In Sunday's online version of the Winona Daily News, community columnist and retired educator Scott Lowery writes in Lead, loons, and loonies:
. . . I also learned on a visit to the National Eagle Center last winter that Bald Eagles are at risk for lead poisoning from lead ammunition in deer carcasses and gut piles. A quick Google search pulls up this data from the University of MN Raptor Center: 90 percent of eagles coming into treatment have high lead levels in their blood, and of these, 20-25 percent will die from lead poisoning. In his Winona presentation, Henderson pointed out that humans are also at risk from lead ammunition, especially where rifles are allowed for hunting deer, because a lead rifle shell can disintegrate into fragments too small to detect in venison.
It seems pretty obvious to me that we should applaud conservation efforts to move away from lead tackle and ammunition. Surely, I thought, this is an area where even Democrats and Republicans can agree.
Shortly afterwards, I read that a Republican-sponsored bill (Environment and Natural Resources Omnibus Finance bill, HF888) had passed in the State House that keeps the DNR from imposing limits on lead ammunition. I contacted my Representative, Steve Drazkowski, thinking he might share my concerns.
No such luck. He emailed back to say that he supported the measure, stating “Lead shot has not been proven to be a threat to people or animals...except when it exits the muzzle of a shotgun at 1200 fps. The radical environmental groups will bring forward rhetoric that suggests otherwise.”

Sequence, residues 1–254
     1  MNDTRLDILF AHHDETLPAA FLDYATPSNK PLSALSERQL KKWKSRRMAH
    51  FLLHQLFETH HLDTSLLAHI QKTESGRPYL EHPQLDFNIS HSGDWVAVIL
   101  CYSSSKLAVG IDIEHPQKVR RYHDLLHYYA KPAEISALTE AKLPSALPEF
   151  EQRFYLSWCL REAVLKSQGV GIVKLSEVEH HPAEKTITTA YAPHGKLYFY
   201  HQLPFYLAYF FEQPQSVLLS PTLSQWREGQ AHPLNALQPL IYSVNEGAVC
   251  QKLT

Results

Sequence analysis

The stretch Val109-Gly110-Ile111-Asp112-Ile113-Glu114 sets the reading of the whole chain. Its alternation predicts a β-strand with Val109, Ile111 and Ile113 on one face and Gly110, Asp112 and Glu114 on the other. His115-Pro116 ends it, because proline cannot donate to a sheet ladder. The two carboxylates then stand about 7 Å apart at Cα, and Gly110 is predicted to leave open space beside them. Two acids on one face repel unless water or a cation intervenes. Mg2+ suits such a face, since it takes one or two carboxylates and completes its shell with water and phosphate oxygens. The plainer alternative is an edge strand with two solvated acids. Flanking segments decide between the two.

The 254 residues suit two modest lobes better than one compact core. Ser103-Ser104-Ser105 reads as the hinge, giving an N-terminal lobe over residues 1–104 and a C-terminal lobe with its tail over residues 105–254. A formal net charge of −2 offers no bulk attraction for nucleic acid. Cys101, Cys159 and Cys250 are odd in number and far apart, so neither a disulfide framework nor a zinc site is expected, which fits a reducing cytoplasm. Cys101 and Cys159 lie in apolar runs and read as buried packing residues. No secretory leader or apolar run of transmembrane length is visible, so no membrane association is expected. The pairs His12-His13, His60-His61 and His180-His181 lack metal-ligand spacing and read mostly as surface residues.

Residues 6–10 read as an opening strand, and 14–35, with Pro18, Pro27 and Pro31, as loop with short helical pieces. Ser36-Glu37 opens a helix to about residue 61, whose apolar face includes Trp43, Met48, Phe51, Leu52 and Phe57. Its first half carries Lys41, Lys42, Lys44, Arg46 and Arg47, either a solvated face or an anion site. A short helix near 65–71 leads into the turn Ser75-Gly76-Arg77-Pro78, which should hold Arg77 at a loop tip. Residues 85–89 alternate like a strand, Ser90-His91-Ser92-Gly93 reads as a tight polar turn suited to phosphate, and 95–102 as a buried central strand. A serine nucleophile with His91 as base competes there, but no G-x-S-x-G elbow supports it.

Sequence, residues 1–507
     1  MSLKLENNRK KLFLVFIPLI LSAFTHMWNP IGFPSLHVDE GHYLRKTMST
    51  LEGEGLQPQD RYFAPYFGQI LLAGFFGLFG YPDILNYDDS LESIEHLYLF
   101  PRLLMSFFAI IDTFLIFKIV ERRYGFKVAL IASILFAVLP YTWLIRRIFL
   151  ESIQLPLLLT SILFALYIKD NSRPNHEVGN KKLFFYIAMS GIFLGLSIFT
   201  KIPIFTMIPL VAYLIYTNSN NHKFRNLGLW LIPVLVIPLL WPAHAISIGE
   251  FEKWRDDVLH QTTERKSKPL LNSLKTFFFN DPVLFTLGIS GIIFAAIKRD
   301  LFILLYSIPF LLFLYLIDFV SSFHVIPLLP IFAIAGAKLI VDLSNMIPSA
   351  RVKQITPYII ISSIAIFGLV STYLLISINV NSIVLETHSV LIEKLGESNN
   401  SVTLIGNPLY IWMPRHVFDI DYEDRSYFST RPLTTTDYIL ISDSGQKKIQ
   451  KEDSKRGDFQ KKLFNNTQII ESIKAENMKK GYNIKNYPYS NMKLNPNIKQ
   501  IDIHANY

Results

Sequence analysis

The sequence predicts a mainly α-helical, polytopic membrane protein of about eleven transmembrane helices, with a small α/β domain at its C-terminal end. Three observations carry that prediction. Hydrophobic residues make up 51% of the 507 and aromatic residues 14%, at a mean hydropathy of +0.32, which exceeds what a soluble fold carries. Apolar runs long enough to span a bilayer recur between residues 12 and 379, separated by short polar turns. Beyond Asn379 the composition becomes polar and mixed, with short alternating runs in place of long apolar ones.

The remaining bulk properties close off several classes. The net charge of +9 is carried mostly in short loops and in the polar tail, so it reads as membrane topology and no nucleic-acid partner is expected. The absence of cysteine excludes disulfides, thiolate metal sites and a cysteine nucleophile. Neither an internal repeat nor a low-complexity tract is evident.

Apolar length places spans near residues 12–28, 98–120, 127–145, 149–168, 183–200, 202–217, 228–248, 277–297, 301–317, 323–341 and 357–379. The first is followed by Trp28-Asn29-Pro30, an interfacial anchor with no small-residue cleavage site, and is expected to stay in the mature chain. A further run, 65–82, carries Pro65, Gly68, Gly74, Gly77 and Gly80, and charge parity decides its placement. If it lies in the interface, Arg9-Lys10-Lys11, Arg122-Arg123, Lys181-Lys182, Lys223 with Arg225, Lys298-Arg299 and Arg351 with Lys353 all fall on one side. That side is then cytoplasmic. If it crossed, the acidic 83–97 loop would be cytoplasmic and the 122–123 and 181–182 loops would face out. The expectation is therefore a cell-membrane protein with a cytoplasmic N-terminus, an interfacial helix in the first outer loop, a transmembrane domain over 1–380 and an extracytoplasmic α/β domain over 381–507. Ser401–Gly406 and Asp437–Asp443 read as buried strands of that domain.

So I’m left with a couple more disturbing pieces of knowledge. My elected Representative thinks that organizations like the Raptor Center, the Eagle Center, and the MN Department of Natural Resources are “radical environmental groups.” He also presumably thinks that a dinner laced with lead fragments would be perfectly safe for a human, eagle or loon.
Let’s get the lead out of our tackle boxes and hunting equipment. And next time around, let’s get the loonies out of state government. I know that I live in a heavily conservative district, but surely there are lots of conservatives who are also conservationists! . . .
His column and Draz's response recalls the debate on an amendment by state representative and hunter Jamie Becker Finn that would have stripped pro-lead and anti-science language from the environment and natural resources omnibus bill. We chronicled the Great Moment in Minnesota House Brawndo Swilling in our post, Lead shot debate: bald eagles keep dying and here's what the MN House had to say about it.
The full video of the debate is embedded there, but we'll leave readers with the Mazeppa Republican's remarks about how all the lead shot in the wild game he and his family have eaten has caused no harm--and the only toxicity from lead is when it's blasted from the muzzle of a shotgun:
Perhaps Representative Drazkowski could head to Flint, MI, and tell folks there not to worry about the water.
For more on this anti-science malarky in the Minnesota legislature, check out MN rep says lead is a-okay because it's natural; or, poisoning is life on Planet Josh Heintzeman and The Timberjay on lead: Heintzeman may be a loon, but he has plenty of company in St. Paul.
Photo: An eagle dying of lead poisoning. Via American Cherokee.
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